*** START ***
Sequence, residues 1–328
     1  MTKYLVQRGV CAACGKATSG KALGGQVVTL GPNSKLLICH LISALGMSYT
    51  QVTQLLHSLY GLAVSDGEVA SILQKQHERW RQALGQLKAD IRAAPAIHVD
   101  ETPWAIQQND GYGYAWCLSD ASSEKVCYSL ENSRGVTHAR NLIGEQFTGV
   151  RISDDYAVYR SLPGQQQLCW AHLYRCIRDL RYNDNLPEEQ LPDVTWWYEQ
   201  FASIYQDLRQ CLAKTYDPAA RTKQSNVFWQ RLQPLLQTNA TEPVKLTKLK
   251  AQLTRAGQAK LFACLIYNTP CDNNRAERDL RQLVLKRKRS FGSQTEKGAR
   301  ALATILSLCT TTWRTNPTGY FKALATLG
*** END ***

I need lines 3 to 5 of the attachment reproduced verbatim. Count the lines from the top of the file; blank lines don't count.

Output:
    51  QVTQLLHSLY GLAVSDGEVA SILQKQHERW RQALGQLKAD IRAAPAIHVD
   101  ETPWAIQQND GYGYAWCLSD ASSEKVCYSL ENSRGVTHAR NLIGEQFTGV
   151  RISDDYAVYR SLPGQQQLCW AHLYRCIRDL RYNDNLPEEQ LPDVTWWYEQ